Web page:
When mammals ate dinosaurs
The cervical rib of a long-necked dinosaur from northwest China provides the oldest known evidence to date that early mammals fed on dinosaur meat around 160 million years ago. A research team led by Professor Hans-Ulrich Pfretzschner from the Department of Geosciences at the University of Tübingen discovered bite marks of a mammal the size of a modern shrew on a bone fragment of a sauropod that was approximately 20 meters long and weighed several tons. The researchers say the mammals were probably eating a dinosaur's carcass; this was the only way for such a small animal to eat a large one. This discovery, which provides information on the life and environment of the early mammals, has been published in the journal The Science of Nature.
"The early mammals lived in the shadow of the dinosaurs for more than 160 million years. On average they reached a weight of about one hundred grams," says Felix Augustin from the research team, the first author of the new study. "However, we now know that they nevertheless developed an astonishing biodiversity and occupied a large number of ecological niches." Alongside the numerous insect-eating ground-dwellers, there were also semi-aquatic, tree-dwelling, digging, and even gliding mammals. This diversity is reflected in their different diets, which researchers can determine indirectly by examining the shape of teeth and jaws. "Direct evidence such as bite marks on bones or stomach contents is very rare," says Augustin. "Furthermore, all the evidence we have to date dates back to the Cretaceous period at the earliest and is at most about 100 million years old. That's why our discovery from about 160 million years ago is so special."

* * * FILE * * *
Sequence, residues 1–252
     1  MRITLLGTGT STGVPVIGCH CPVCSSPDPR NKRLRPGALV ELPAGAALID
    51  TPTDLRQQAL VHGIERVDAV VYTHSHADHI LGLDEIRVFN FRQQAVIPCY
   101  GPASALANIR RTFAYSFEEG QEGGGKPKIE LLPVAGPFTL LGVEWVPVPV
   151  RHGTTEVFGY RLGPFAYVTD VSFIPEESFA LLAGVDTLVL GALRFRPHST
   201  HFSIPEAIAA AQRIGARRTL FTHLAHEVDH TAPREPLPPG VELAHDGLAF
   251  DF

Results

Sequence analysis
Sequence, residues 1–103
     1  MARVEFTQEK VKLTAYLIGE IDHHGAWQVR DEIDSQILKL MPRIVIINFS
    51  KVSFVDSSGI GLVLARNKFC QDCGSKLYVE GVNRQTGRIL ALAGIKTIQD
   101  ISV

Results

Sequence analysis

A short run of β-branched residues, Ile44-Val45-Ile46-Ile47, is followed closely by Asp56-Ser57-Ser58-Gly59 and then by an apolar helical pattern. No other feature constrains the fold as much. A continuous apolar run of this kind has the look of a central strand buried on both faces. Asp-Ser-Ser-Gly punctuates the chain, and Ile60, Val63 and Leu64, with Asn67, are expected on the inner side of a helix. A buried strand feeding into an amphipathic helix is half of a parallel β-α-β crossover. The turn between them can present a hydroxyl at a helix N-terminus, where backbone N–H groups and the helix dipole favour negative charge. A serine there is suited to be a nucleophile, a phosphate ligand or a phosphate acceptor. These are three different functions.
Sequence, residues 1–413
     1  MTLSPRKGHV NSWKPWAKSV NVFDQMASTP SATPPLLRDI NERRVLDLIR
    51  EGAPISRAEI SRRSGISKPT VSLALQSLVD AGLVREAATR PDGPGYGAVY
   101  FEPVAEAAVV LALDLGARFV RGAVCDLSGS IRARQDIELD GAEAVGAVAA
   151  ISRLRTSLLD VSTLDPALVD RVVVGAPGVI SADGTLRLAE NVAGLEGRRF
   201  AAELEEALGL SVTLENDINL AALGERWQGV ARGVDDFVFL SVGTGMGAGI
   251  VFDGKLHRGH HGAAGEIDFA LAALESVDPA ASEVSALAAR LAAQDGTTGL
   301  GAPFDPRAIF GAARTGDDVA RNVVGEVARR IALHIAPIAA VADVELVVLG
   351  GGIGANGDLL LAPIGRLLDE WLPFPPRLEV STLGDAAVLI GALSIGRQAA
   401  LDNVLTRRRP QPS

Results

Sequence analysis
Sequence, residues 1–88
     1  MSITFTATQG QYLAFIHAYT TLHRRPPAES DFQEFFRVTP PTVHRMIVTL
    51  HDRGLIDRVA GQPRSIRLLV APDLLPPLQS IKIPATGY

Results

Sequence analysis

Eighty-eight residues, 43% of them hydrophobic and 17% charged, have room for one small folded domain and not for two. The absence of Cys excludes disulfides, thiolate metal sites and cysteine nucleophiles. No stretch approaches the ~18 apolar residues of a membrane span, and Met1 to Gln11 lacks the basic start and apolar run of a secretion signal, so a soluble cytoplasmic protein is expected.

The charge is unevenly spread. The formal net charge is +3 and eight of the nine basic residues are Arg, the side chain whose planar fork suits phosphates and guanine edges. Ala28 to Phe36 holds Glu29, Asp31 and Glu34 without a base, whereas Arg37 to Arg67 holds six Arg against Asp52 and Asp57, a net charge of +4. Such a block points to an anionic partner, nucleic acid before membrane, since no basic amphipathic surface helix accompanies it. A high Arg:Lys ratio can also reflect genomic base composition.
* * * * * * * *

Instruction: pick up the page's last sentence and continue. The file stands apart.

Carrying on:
Rich fossil site
In 2000, researchers of a Chinese-German expedition excavated numerous fossils of vertebrates such as turtles and crocodiles, dinosaurs and mammals from the Jurassic period, the time about 160 million years BCE, from what is now the Junggar Basin in the province of Xinjiang in northwest China. While re-examining the fossil bones, the team noticed tiny gnaw marks on a fragment of bone, which on closer examination turned out to be bite marks made by early mammals. The researchers working in vertebrate paleontology compared the notches with a large number of similar marks on fossilized and unfossilized bones. "The gnaw marks were very similar to those of today's insect-eating mammals, such as shrews," says Augustin.
Due to the extreme difference in size, the researchers assume that the mammals ate the remains of one animal only. "The marks provide valuable insights into the biology of these early mammals from China, which according to the reconstructions were very small insectivorous or omnivorous animals. We were able to prove for the first time that they were not above eating carrion," says Hans-Ulrich Pfretzschner. This behavior is also seen in modern insectivores and other small mammals such as rodents. The surrounding rock in the Junggar Basin provided additional information about the environmental conditions at the time and suggest that the northwest of China had rivers and floodplains and a dry, warm climate when these dinosaurs were alive.